A three-month pilot study in patients with onset hypertension Canadian Journal of Cardiology demonstrates that adding yoga to a regular exercise routine promotes cardiovascular health and well-being and is more effective than stretching exercises. The incorporation of yoga reduced systolic blood pressure and resting heart rate and improved cardiovascular risk over 10 years.
Yoga is part of the spiritual and physical practices of millions of people around the world. With the practice of yoga becoming a widely accepted form of exercise, the body of yoga research is growing. It is a multi-faceted lifestyle activity that can positively improve cardiovascular health and well-being. Physical exercises such as stretching exercises and the physical components of yoga practices have several similarities, but also important differences.
“The purpose of this pilot study was to determine whether adding yoga to a regular exercise program reduces cardiovascular risk,” explained lead researcher Paul Poirier, MD, Ph.D., Heart and Lung Institute of Quebec from Laval University, and the Faculty of Pharmacy, Laval University, Quebec, Canada.
“While there is evidence that yoga interventions and exercise have equal and/or superior cardiovascular outcomes, there is considerable variability in yoga types, components, frequency, duration, duration and the intensity of the sessions.We sought to apply a rigorous scientific approach to identify cardiovascular risk factors for which yoga is beneficial for patients at risk and the ways in which it could be applied in a health care setting such as a primary prevention program.
Investigators recruited 60 people with previously diagnosed high blood pressure and metabolic syndrome for a physical training program. During the 3-month intervention regimen, participants were split into 2 groups, which performed 15 minutes of structured yoga or stretching in addition to 30 minutes of aerobic training 5 times per week.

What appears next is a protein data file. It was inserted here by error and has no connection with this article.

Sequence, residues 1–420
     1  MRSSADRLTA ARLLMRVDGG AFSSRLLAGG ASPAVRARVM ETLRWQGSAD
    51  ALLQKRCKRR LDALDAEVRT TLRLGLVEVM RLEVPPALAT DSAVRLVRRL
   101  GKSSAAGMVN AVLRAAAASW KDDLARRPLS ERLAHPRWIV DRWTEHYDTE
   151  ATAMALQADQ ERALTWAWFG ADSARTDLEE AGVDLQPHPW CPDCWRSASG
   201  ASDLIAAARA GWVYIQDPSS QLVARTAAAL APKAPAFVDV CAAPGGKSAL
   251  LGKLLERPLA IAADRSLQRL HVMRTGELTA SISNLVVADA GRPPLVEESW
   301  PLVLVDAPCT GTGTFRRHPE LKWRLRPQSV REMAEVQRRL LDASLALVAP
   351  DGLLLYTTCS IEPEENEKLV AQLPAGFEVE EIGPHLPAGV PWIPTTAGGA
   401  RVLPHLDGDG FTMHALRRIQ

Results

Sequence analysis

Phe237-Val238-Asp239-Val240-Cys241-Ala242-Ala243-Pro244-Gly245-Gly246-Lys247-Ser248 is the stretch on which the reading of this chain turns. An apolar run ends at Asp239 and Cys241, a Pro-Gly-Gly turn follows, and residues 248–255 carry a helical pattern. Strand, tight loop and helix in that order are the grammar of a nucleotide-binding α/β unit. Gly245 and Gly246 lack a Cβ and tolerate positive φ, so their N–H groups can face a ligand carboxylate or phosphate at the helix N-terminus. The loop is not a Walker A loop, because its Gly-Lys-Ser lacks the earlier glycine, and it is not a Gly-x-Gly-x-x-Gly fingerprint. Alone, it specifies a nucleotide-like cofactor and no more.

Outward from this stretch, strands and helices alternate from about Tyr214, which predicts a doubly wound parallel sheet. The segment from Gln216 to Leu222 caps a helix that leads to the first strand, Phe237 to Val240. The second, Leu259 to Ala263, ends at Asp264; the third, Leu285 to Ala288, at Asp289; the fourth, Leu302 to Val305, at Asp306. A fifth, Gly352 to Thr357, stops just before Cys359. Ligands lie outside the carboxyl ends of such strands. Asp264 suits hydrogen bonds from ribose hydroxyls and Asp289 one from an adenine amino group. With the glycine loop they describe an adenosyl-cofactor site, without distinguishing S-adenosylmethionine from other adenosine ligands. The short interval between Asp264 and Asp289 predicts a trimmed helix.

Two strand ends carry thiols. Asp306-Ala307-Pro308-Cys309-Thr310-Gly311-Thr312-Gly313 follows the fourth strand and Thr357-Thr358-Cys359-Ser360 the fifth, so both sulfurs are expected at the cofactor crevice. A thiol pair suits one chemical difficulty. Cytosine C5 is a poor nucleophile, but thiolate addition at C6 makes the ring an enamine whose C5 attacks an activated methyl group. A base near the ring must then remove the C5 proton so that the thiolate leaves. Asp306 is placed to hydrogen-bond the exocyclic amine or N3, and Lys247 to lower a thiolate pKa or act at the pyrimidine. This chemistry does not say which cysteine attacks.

Blood pressure, anthropometry, high-sensitivity C-reactive protein (hs-CRP), glucose and lipid levels as well as Framingham and Reynolds risk scores were measured. At baseline, there was no difference between the groups in terms of age, gender, smoking rate, body mass index (BMI), systolic and diastolic blood pressure at rest, heart rate at rest and differential pressure.
After 3 months, there was a decrease in resting systolic and diastolic blood pressure, mean arterial pressure and heart rate in both groups. However, systolic blood pressure was reduced by 10 mmHg with yoga versus 4 mmHg with stretching. The yoga approach also reduced resting heart rate and 10-year cardiovascular risk assessed using the Reynolds risk score.
Although yoga has been shown to benefit hypertensive patients, the exact mechanism underlying this positive effect is not fully understood. This randomized pilot study shows that its benefits cannot simply be attributed to stretching alone.
“This study provides evidence for an additional non-pharmacological treatment option for cardiovascular risk reduction and blood pressure control in patients with arterial hypertension, as part of a primary prevention exercise program” , noted Dr. Poirier.
“As observed in several studies, we recommend that patients try to find exercise and stress relief for the management of hypertension and cardiovascular disease in whatever form they find most appealing. Our study shows that structured yoga practices can be a healthier complement to aerobic exercise than just muscle stretching.”
Impact of yoga on overall cardiovascular risk as an adjunct to a regular exercise regimen in patients with hypertension, Canadian Journal of Cardiology (2022). DOI: 10.1016/j.cjca.2022.09.019
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